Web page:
To all my Canadian followers, Happy Canadian Thanksgiving for Monday! I’ll be having my own small celebration that day too, even though I’m not there yet.

Talk to you all later!

Finances: Part I- The Basics

Money: Taboo right? Well, let’s be real here. If you don’t have a handle on your finances before, during, and after moving overseas, your problems will swamp you. It’s tough enough handling money while you’re moving if you are good with money. If you aren’t so good with money, it’s time to step up your game!

Now is the time to do a financial health check and see if you have the resources to move to another country. Here’s what I do: I plan for expenses, and also emergencies, and then I check it again. And again… I’m not kidding. Emergencies can and do happen. I have found from moving overseas that I am one decision away from making a financial mistake, even if I don’t realize it, so I have to stay ahead of the game! It’s important to have as many protections against losing money that you can get. Check your overdraft protection amounts. Check if you can get some kind of insurance against losing your salary. If you’re late on a credit card or loan payment because you are busy with moving or overlooked something, see what you can do to fix it. 

There are some important decisions you need to make about building credit and planning for retirement. Even if you are young, you need to think about what you need to do to plan for retirement. Some countries have a residency requirement for claiming retirement benefits and you need to see if you can still get them even if you are overseas. You also want to think ahead a little bit about whether or not you want to buy a house or car, or need a loan in your new country. I understand that life happens, and you can’t see the future, but if any of those things are even the remotest possibility, you need to plan for building credit and consult with people who understand how to do this overseas. HSBC was very helpful in that regard, but I admit, the process for getting a credit card was a little difficult.

Additionally, it is important to decide if you want to keep money in your home country for any reason, especially if you want to avoid any pains with exchange rates and additional charges. Learning your way around exchange rates is a real skill in itself. You learn when to make them work for you and when you want to avoid them. I’ll mention examples from time to time in my future posts.

The most important decision you can make is choosing a bank that can support you through the move. When I was living in London and approaching the age where I could earn my own money, I looked for a bank that was good at dealing with international and expat finance. I knew there was a chance I could move to another country, and I wanted to be prepared for that. I also knew from experience that I did not want Citibank. Even though they advertise how good they are at international stuff, I found out that to not be true.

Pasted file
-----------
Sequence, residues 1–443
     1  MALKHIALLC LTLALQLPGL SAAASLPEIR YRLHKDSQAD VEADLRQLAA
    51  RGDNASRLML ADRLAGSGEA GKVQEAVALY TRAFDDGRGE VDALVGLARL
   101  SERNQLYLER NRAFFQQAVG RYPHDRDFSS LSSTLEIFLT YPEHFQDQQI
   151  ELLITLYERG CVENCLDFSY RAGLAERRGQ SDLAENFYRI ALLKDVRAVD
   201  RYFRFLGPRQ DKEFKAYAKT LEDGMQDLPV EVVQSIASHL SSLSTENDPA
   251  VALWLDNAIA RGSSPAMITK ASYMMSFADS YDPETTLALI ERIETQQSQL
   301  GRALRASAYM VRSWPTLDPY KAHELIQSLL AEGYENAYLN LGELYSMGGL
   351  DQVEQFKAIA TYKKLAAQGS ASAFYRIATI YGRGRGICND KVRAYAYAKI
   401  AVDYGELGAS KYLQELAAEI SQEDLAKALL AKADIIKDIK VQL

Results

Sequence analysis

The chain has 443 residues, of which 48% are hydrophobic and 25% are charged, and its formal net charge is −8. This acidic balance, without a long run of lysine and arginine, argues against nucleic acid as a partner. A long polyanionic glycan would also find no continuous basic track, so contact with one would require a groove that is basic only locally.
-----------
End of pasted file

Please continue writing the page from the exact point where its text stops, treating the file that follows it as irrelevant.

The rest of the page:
A friend of mine from Germany told me about HSBC. She had to do regular financial transactions between the UK and Germany and she was impressed by how well HSBC dealt with that. So, I decided to give it a try. I was very impressed with HSBC’s customer service, and when I moved to the US, it was very easy to handle my money affairs. Unfortunately, I had to give up on HSBC because they did not have any branches near where I moved to in the US. Once I decided to move to Canada, I found that HSBC had opened a branch near where I lived, so it was easy to become a customer again.

When I went back to HSBC, I was pleased to see their quality customer service was still the same. I was able to get all my questions answered and I feel confident financially about moving. I have good people at my branch willing to work with me on my financial needs. Currently, I’m in the process of setting things up to move my finances from the US to Canada, and HSBC has been great in facilitating that process. One thing I remembered about HSBC from before, and still see it now, is they hire people that represent the cultural background of immigrants in the areas where their branches operate, so they can assist immigrants in their native languages. In England, the employees came from India, Africa, and different European countries. Here, the employees are from China. I also remembered how I specifically prefer to be helped by employees who have a foreign accent because it shows me that they have dealt with money matters of moving overseas.  

I have found that HSBC has since expanded their services for expats since the last time I was a customer. One source I like reading about information on living in Canada is HSBC’s Expat Explorer. This report is based on HSBC expat survey responses and is published every year.

Fellow expats? Do you agree or disagree with what I said? Why or why not? Let me know in the comments.

Note: I do not work for HSBC and I’m not trying to promote it.